The president of Russia Vladimir Putin pledged Wednesday to push back Ukrainian forces to reduce the threat of attacks on Russian territory as he met with activists leading his campaign ahead of the March presidential election who will surely win.
When asked about plans for the military campaign in Ukraine, Putin said the contact line must retreat to “such a distance from our territory that makes it safe from the long-range artillery supplied by the West that the Ukrainian authorities use to bomb peaceful cities.”
He added that the Russian military has been doing just that, “expelling the enemy from vital population centers.” “This is the main reason for our boys who fight and risk their lives there: to protect the Homeland, to protect our people,” he added.
Ukraine has recently attacked inside Russia, including a Dec. 30 attack in the border town of Belgorod that killed 25 people and wounded more than 100.
Putin also said that Russian investigators concluded that Ukraine used Patriot air defense systems supplied by the United States to shoot down a Russian military transport plane in the Belgorod region on January 24. Russian authorities said the accident killed the 74 people on board, including 65 Ukrainian prisoners of war heading for an exchange.
Ukrainian officials did not deny the downing of the plane, but they did not take responsibility and called for an international investigation.
Putin said Russia would not only welcome but “insist” on an international investigation into what he described as a “crime” committed by Ukraine.
Putin, 71, who is running as an independent candidate, relies on tight control over the Russian political system he has established during 24 years in power.
With prominent critics who could challenge him imprisoned or living abroad and with most independent media banned, his re-election in the March 15-17 presidential election is virtually assured.
“Russia has been forced to defend its interests, including by military means,” Putin said at the meeting with his campaign staff, saying that even as the meeting was going on, Russian troops made new gains on the outskirts of the city of Avdiivka, in eastern Ukraine.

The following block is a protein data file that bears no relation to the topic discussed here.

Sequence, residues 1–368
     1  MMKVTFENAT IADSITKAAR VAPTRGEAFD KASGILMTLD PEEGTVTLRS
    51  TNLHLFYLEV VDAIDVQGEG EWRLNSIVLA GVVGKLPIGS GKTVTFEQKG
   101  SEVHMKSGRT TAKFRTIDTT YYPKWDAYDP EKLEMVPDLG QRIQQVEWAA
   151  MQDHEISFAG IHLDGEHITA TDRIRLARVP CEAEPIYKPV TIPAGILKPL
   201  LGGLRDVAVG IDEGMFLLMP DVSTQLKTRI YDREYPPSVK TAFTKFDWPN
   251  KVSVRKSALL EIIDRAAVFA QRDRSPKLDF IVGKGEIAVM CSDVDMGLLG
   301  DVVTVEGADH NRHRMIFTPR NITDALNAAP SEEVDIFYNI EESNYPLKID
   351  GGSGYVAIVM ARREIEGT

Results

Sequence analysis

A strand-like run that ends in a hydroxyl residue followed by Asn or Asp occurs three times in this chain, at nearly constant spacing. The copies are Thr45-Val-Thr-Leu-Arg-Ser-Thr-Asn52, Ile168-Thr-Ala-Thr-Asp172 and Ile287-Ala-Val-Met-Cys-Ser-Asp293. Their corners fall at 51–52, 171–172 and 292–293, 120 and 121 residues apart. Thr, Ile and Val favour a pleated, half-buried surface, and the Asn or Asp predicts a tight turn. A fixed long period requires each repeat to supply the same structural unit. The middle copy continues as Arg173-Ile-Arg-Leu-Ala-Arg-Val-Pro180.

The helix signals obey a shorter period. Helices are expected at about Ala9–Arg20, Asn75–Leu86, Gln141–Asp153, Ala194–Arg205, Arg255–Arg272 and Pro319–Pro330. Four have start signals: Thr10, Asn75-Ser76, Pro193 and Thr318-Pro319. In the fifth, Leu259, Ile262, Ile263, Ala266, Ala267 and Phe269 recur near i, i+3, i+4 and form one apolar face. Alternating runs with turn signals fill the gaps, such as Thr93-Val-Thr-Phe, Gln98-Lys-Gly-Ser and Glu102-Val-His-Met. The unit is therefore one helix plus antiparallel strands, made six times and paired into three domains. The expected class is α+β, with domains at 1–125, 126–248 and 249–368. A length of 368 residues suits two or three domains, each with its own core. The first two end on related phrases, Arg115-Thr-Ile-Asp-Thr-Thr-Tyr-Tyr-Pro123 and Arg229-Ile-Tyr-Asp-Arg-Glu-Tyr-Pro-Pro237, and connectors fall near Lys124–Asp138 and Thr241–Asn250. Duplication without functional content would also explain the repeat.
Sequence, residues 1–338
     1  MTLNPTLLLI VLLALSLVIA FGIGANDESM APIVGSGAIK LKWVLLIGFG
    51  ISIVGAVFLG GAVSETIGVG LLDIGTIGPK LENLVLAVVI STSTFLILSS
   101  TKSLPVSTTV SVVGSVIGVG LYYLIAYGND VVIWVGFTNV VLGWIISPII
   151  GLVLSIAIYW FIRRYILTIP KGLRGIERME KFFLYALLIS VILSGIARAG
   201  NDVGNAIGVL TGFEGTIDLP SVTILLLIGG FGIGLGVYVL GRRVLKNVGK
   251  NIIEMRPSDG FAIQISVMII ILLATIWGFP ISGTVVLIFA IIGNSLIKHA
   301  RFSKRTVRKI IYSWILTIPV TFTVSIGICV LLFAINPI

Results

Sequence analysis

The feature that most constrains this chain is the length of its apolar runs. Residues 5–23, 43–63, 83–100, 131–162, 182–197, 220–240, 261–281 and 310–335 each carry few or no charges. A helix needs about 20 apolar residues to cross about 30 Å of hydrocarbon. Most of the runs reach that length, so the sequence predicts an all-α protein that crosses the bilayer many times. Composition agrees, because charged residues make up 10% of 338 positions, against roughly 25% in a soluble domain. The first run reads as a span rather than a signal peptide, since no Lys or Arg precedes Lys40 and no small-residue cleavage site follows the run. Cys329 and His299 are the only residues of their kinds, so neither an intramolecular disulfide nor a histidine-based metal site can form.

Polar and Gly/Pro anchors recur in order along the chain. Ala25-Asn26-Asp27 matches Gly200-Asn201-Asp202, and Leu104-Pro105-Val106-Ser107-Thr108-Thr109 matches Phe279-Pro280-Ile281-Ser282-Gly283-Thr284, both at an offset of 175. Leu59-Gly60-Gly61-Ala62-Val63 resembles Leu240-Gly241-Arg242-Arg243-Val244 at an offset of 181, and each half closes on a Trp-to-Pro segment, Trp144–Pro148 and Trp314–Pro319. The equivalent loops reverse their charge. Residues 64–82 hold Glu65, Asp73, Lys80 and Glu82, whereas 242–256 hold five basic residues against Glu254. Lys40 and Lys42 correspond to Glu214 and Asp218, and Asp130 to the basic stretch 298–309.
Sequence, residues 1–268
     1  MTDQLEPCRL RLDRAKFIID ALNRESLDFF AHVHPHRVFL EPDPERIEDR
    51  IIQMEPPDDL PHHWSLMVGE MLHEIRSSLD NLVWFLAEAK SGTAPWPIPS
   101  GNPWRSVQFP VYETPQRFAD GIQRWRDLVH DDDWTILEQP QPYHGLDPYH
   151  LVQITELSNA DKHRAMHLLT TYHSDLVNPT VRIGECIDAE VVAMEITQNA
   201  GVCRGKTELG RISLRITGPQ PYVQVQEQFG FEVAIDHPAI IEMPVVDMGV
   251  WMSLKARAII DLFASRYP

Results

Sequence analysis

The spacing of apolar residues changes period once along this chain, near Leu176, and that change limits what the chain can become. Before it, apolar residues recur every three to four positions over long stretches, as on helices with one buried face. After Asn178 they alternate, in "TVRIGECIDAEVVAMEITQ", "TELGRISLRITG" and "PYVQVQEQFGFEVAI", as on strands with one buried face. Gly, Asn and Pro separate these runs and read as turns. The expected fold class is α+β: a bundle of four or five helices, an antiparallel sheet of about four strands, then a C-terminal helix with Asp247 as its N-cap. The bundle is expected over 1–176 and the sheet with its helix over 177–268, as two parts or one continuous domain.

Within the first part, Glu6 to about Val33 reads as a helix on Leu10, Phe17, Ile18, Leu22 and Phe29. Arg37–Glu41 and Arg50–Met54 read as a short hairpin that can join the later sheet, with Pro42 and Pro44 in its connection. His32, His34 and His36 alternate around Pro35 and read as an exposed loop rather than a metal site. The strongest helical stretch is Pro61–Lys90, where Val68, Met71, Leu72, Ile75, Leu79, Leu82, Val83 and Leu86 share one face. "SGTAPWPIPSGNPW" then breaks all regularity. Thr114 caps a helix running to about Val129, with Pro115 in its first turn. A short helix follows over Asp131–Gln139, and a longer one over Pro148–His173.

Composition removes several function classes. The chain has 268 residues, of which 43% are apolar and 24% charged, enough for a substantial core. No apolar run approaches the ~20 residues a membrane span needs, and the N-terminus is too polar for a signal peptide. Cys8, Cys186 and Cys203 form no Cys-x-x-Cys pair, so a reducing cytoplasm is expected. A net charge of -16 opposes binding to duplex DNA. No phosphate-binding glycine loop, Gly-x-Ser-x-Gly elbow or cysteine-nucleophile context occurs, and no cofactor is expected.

“We are going through a very difficult and important period in the development of our country, the strengthening of its independence and sovereignty in all vectors,” he stated. “The dross that is always present is being eliminated little by little.”
According to a constitutional reform that he designed, Putin is eligible to seek two more six-year terms, potentially allowing him to remain in power until 2036. He is already the longest-serving Kremlin leader since the Soviet dictator Joseph Stalinwho died in 1953.
Three other candidates nominated by parties represented in parliament are also running: Nikolai Kharitonov of the Communist Party, Leonid Slutsky of the nationalist Liberal Democratic Party and Vladislav Davankov of the New People’s Party.
All three parties have largely supported the Kremlin’s policies. Kharitonov ran against Putin in 2004, finishing a distant second.
Boris Nadezhdin, a 60-year-old local lawmaker from a city near Moscow, is also looking to run. He has openly called for an end to the conflict in Ukraine and a dialogue with the West.
Thousands of Russians across the country signed petitions in support of Nadezhdin’s candidacy, a rare show of opposition sympathies in the rigidly controlled political landscape that poses a challenge to the Kremlin. On Wednesday, Nadezhdin presented 105,000 signatures to the Central Election Commission, which is expected to review them in the coming days.
(With information from AP)